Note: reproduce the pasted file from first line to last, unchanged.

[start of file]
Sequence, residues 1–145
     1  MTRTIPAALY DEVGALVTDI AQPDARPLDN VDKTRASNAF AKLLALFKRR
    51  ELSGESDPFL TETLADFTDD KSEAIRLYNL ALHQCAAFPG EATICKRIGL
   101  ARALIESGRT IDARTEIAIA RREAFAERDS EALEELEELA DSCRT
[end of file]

Sequence, residues 1–145
     1  MTRTIPAALY DEVGALVTDI AQPDARPLDN VDKTRASNAF AKLLALFKRR
    51  ELSGESDPFL TETLADFTDD KSEAIRLYNL ALHQCAAFPG EATICKRIGL
   101  ARALIESGRT IDARTEIAIA RREAFAERDS EALEELEELA DSCRT